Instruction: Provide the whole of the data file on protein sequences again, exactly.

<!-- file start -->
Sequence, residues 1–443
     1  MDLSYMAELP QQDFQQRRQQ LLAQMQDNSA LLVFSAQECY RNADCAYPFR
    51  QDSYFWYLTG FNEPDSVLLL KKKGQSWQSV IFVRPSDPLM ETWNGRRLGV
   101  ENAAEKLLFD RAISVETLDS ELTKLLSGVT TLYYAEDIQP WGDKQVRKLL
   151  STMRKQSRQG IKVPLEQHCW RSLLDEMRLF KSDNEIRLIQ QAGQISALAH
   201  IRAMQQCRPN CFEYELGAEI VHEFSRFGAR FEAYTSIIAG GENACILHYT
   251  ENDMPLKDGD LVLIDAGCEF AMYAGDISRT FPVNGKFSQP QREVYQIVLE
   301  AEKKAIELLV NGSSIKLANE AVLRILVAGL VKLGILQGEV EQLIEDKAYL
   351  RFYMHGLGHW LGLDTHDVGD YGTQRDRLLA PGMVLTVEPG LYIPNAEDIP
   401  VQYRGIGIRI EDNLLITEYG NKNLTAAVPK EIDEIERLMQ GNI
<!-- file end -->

Sequence, residues 1–443
     1  MDLSYMAELP QQDFQQRRQQ LLAQMQDNSA LLVFSAQECY RNADCAYPFR
    51  QDSYFWYLTG FNEPDSVLLL KKKGQSWQSV IFVRPSDPLM ETWNGRRLGV
   101  ENAAEKLLFD RAISVETLDS ELTKLLSGVT TLYYAEDIQP WGDKQVRKLL
   151  STMRKQSRQG IKVPLEQHCW RSLLDEMRLF KSDNEIRLIQ QAGQISALAH
   201  IRAMQQCRPN CFEYELGAEI VHEFSRFGAR FEAYTSIIAG GENACILHYT
   251  ENDMPLKDGD LVLIDAGCEF AMYAGDISRT FPVNGKFSQP QREVYQIVLE
   301  AEKKAIELLV NGSSIKLANE AVLRILVAGL VKLGILQGEV EQLIEDKAYL
   351  RFYMHGLGHW LGLDTHDVGD YGTQRDRLLA PGMVLTVEPG LYIPNAEDIP
   401  VQYRGIGIRI EDNLLITEYG NKNLTAAVPK EIDEIERLMQ GNI